Transfer hooks grant a token’s creator more control over the token. This extension requires that whenever a token is transferred, a custom piece of logic be invoked. Custom logic empowers new use cases, such as requiring certain conditions to be met before a token can be transferred. Because this is built into the token itself, no external parties are required to enforce these rules - the blockchain itself enforces them.

Transfer Fees

Transfer fees enables token creators to collect a fee each time a token is transferred. This extension introduces a simple fee that creates self-enforcing revenues for a token creator. Similar to transfer hooks, transfer fees are enforced by the protocol itself, eliminating the possibility that some users would elect not to pay.

Permanent Delegation

Permanent delegation allows a token creator to retain absolute control over the tokens they create. This unrestricted authority enables creators to repossess or transfer tokens at any time. When combined with transfer hooks, this extension can be used to create a fully permissioned environment on top of Solana’s permissionless blockchain. It should be noted that with great power comes great responsibility - if the permanent delegate were to be hacked, there would be no protection for token-holders.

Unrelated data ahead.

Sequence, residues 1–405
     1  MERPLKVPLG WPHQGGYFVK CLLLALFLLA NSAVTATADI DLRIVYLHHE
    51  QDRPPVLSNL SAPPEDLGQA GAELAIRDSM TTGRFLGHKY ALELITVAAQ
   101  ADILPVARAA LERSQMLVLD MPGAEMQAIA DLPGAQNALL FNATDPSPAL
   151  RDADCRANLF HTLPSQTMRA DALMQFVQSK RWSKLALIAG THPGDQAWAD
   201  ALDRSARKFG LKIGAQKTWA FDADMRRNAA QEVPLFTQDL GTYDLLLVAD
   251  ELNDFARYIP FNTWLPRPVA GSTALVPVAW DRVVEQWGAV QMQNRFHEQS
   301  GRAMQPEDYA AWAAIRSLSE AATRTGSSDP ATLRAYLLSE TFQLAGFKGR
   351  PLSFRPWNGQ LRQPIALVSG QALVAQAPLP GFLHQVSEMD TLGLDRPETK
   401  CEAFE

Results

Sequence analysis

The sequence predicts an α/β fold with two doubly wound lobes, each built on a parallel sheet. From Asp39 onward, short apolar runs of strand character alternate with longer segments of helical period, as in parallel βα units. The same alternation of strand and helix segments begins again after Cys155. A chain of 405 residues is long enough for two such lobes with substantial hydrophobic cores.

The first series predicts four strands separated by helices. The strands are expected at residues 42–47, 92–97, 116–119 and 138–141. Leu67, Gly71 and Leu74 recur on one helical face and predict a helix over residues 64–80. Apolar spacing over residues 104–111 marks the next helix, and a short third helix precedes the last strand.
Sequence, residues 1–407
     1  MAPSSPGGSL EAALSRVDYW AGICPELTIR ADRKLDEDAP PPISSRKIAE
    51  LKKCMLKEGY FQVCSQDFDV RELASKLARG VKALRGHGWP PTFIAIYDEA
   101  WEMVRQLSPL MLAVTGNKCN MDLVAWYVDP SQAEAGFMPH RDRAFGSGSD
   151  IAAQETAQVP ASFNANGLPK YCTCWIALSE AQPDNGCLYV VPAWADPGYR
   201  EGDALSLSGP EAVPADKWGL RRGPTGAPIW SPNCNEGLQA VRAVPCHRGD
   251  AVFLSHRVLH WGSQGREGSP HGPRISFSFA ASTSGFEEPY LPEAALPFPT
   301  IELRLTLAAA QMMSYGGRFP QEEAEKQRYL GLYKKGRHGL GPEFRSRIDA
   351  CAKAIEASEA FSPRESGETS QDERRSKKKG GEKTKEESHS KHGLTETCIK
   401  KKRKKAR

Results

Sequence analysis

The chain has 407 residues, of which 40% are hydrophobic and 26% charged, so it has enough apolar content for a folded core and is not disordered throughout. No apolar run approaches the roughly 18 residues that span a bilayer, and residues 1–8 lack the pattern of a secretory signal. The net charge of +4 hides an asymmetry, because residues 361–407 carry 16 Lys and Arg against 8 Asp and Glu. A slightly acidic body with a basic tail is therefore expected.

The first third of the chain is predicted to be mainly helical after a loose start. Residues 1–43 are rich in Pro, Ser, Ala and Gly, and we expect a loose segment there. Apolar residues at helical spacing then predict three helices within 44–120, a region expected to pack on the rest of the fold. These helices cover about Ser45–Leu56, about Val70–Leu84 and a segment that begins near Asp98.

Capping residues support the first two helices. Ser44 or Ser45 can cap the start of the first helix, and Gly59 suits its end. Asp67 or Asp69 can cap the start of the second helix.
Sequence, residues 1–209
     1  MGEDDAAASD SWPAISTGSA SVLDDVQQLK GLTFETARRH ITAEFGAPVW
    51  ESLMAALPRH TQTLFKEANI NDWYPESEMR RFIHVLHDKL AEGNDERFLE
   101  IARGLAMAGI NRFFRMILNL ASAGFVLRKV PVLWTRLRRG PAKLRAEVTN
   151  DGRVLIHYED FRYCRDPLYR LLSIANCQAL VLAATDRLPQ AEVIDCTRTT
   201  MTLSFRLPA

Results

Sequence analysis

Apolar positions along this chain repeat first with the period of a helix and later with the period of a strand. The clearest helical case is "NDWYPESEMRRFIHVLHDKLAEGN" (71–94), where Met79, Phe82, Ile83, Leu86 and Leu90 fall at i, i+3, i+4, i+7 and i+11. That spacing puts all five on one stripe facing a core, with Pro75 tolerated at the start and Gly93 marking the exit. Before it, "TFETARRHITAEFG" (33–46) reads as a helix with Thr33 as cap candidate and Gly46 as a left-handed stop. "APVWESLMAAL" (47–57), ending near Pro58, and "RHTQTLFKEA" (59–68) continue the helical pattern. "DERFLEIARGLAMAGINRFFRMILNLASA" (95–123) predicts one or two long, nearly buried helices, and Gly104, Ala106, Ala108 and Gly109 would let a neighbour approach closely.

Non-transferrable tokens

Distinct from non-fungible tokens (NFTs), non-transferrable tokens are what exactly they seem - tokens which cant be transferred. These tokens are commonly referred to as “soul-bound tokens” and enable use cases like digital identity, credentialing, voting-rights, or a tamper-proof record of ownership. It's important to note that while tokens can't be transferred, they can still be ‘burned’ to ensure that users are not stuck with unwanted identifiers.


The metadata extensions enables metadata - data about data - to be integrated natively into the token. This extension opens up new frontiers by allowing creators to customize the data associated with a token. The ability to have native metadata enables businesses to add, update, and remove custom fields as needed.

Why Use Blockchain?

Enterprises have different needs than individual users. Large enterprises are generally not attracted to new financial products or payment rails - they already have access to relatively-effective versions of both.